How to integrate Qovery with GitHub Actions

Learn how to integrate Qovery with GitHub Actions

Getting started with Qovery is easy. Just plug your Git repository, and you can deploy your application directly. But in some cases you will want a more advanced CI workflow where some steps need to happen before deployment.

One of the CI tools you can use for that matter is GitHub Actions.

If you don't have an application running on Qovery yet, check the documentation to create one.


In this tutorial, we will deploy an application with GitHub Actions by using the Qovery CLI.

Get your application ready

The first thing we need to do, is to disable automatic deployments. By default, Qovery applications get re-deployed whenever you push some code to the configured branch. Since we want to trigger the deployment through GitHub Actions, we need to disable this behavior.

Go to your application page, then click Settings:

Then on the General section go to the Auto-deploy field, select Off:

Click save.

Add your GitHub Actions Workflow

We will now add a GitHub Actions workflow to your application. Workflow are defined with YAML configuration files that are placed in the code directory of your application. As an example we will define a workflow for a NodeJS application. We will first run our unit tests, then launch the Qovery deployment if the tests pass.

You can adapt those steps for your own stack and needs. Read the GitHub Actions documentation to learn more.

  1. Create the Workflows directory

    All your workflows files must be stored in a specific .github/workflows directory. Create this directory at the root of your project.

  2. Add a Test and Deploy workflow

    In your Workflows folder, create a test-and-deploy.yaml file with the following content:

    name: Test And Deploy to Qovery
    required: true
    runs-on: ubuntu-latest
    - uses: actions/checkout@v2
    - name: Install modules
    run: yarn
    - name: Run tests
    run: yarn test
    needs: test
    runs-on: ubuntu-latest
    name: Deploy on Qovery
    - name: Deploy with Qovery
    uses: actions/checkout@v3
    shell: bash
    run: |
    # Download and install Qovery CLI
    curl -s | bash
    qovery application deploy \
    --organization <your_org_name> \
    --project <your_project_name> \
    --environment <your_environment_name> \
    --application <your_qovery_app_name> \
    --commit-id ${{ github.sha }} \
    • The on section contains a workflow_call directive. It means that this workflow will be triggered when called from another workflow. We're doing this because we won't use this workflow directly. Since we might have several environments to deploy to Qovery depending on the branch, we could have one workflow per environment, and we want to avoid repeating all the steps.
    • The inputs and secrets sections are defining the values that we will need to pass to our workflow
    • The jobs section lists the jobs and the steps that in needs to accomplish. Here we have two jobs and five steps:
      • test where we check out the code, we install Yarn modules, and we run tests through Jest
      • deploy where we check out the code and deploy to Qovery.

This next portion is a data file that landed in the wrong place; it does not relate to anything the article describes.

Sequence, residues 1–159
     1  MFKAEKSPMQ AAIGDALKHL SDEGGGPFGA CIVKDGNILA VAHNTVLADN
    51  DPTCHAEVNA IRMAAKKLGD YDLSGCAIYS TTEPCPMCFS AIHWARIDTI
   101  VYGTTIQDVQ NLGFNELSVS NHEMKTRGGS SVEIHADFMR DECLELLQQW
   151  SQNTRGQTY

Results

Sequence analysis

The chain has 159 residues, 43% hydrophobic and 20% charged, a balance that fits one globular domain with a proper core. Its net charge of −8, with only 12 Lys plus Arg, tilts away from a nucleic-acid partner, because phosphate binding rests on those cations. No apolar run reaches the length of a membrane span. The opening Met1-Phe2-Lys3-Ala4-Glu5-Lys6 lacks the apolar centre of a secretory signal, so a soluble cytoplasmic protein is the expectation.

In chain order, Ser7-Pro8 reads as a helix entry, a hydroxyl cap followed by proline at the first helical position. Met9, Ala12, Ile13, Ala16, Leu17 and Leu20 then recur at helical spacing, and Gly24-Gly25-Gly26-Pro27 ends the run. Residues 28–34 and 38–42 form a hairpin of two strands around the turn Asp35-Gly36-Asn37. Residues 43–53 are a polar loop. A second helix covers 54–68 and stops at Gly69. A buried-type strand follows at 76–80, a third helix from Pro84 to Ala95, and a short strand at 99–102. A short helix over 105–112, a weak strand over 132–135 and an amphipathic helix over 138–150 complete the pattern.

Several things worth noting:

    • The organization / project / environment / application are case-sensitive.
    • Our deploy job has a needs instructions, telling GitHub Actions that this job can only run when the test job succeeds.
    • The with section of our last deploy step contains interpolated strings: ${{ inputs.xxxx }}. Those are values passed to our workflow, that our Qovery action needs. They will be passed from the calling workflow.
  3. Get a Qovery API token

    To get an API token, use the Qovery CLI:

    qovery token
    • Select your organization. (tokens are valid for only one organization).
    • Enter a name for your token.
    • Enter a description for your token.

    You will get an output like this one:

    qovery token Qovery: ---- Never share this authentication token and keep it secure ----
    Qovery: qov_xxx....
    Qovery: ---- Never share this authentication token and keep it secure ----
  4. Add your token to your GitHub repository secrets

    Go to your GitHub repository then to the Settings:

    Got to the Secrets/Actions section and click on New repository secret:

    Add your secret with the name QOVERY_API_TOKEN and save:

Execute the GitHub Actions Pipeline

We're done with the setup. You can now push your code to the main branch. If you did it properly, under the Actions tab on your GitHub repository, you should see your job being run.

You can click on it to see the details of the jobs. Once the testing phase is green, it will start the deployment job.

As soon as the job is set up, and it starts actually deploying, go to the Qovery console and check that your application is actually being deployed.

Advanced use-cases

It's possible to support any use cases by using the Qovery CLI. Like cloning an environment, changing the branch of some applications and deploying only a subset of applications. Refers to the Qovery CLI documentation to explore all the commands that you can use.

Check out our GitHub Actions integration page to check out more examples.


Integrating Qovery with GitHub Actions enables more complex workflows than just deploying on code push. You can make sure your test suite succeeds before deploying or anything else you need, without sacrificing the simplicity of deployment Qovery brings you.